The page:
I got back from my niece’s wedding a few days ago, battered by airlines, a staph infection and a harsh look at how much I suffer from anxiety and how I do – and don’t – deal with it.
Before starting this post, I did a little research, Googling “social anxiety”. I came up with two different behavioral anomalies, Social Anxiety Disorder and Generalized Social Phobia, that I can’t really tell the difference between except that I have symptoms aplenty that seem to be common to both. I kind of like the idea of having a phobia but the description of Social Anxiety is so much more complete that for the purposes of writing today, I’ll stick to that.
Symptoms of Social Anxiety Disorder come in three categories: physical manifestations (headaches, racing heart, sweaty palms, muscle aches, diarrhea, etc.), persistent thoughts of being judged or of embarrassing one’s self, and behavioral symptoms, a long list that includes avoiding and/or leaving social situations, having “safe” places one visits with “safe” people, continually apologizing, asking for reassurance, over-preparation for social situations, directing attention away from one’s self.
Image by dogwalla
For further confirmation, I took the Psychology Today self-test for anxiety and came up with the following assessment: major signs of anxiety; very high level of general anxiety; very high level of existential anxiety; several somatic manifestations of anxiety; very high level of mood instability; strong tendency to ruminate.
I feel like an electrocuted cow.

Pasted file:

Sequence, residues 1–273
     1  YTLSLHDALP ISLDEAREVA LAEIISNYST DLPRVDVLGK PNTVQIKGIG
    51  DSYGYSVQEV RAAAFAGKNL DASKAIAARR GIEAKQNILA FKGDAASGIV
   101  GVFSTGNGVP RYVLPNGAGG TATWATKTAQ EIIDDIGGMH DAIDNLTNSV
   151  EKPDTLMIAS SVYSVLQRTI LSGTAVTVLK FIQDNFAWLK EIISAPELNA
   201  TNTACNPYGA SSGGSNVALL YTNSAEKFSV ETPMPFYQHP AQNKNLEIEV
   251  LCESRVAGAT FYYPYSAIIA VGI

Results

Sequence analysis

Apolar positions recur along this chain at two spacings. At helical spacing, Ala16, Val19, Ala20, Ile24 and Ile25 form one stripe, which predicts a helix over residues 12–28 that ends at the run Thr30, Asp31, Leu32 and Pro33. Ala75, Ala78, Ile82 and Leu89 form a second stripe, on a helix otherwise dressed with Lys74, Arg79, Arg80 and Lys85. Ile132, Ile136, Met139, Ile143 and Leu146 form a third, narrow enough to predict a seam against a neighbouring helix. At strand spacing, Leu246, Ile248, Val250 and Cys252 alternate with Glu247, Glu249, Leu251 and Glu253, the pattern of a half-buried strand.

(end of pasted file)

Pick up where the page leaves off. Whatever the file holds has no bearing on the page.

When I looked at Google images for social anxiety, I found a lot of pictures of shy people or people who can't talk. I can talk. I can speak on nationally broadcast television shows. I can facilitate introductions, start a party, form a class in order to teach more effectively. But I pay the enormous price of an empty emotional gas tank for doing these things.
That's the back-text as I prepared for a six-day trip to my hometown and a gathering of the clan I love to distraction for what could be the last reunion of four generations. My depression is on low boil this summer as I actually anticipate several projects and increased income. Perhaps I was more naked for lacking my companion of the Black Dog.
If depression is the Black Dog, I think of its usual substitute mood of ennui as the Gray Dog. When I’m out of my mind with stress – anger, worry, an over-booked calendar (which is to say, more than no obligations in a day), broken routines, physical discomfort – the image that comes to mind is the Red Dog.
One website had the foresight to mention self-medication, referencing the use alcohol or drugs that impair judgment and driving. It did not, however, mention other forms of self-soothing such as food and smoking.
No matter what dog is snarling outside my cage, my food addiction is on high alert but staying with my 95-year-old father while on a course of heavy antibiotics and as many family functions to attend as there were days, I learned a hard lesson in how food talks to me.
What is significant in the paragraph above is that my routine was bashed to pieces, my father, who has macular degeneration, needs a lot of attention when he can get it, I couldn’t drink and I couldn’t take Klonopin because I was driving.
Add to that his idea that air conditioning means 80 degrees, a bedroom that faces the early mountain dawn, his dependence on loud audio devices, the lousy mush a senior facility calls food, only being able to shower half my body, and having to nearly yell to be heard by anyone except staff in the apartment complex.
I felt a constant drag and dread on my time in the days I stayed with my dad. He’d recently had a lot of his possessions shipped to his now permanent home in Montana and one of my tasks was to distribute them. He wanted me to make him a few treats he misses. He wanted me to attend dinner and social events at the complex in order to mitigate his own shyness and visual/auditory shortcomings. He wanted me.